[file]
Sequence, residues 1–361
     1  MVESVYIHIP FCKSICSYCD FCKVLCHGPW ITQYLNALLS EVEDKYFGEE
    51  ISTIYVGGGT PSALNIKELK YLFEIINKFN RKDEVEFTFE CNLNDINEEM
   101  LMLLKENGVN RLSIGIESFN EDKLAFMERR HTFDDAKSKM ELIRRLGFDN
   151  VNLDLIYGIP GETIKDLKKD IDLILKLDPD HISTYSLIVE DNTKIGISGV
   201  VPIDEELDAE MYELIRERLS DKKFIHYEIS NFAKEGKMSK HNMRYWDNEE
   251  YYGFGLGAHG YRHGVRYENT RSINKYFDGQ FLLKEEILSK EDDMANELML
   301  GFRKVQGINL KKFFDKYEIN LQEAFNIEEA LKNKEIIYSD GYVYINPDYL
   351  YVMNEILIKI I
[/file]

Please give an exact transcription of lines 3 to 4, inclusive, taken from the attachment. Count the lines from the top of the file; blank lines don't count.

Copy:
    51  ISTIYVGGGT PSALNIKELK YLFEIINKFN RKDEVEFTFE CNLNDINEEM
   101  LMLLKENGVN RLSIGIESFN EDKLAFMERR HTFDDAKSKM ELIRRLGFDN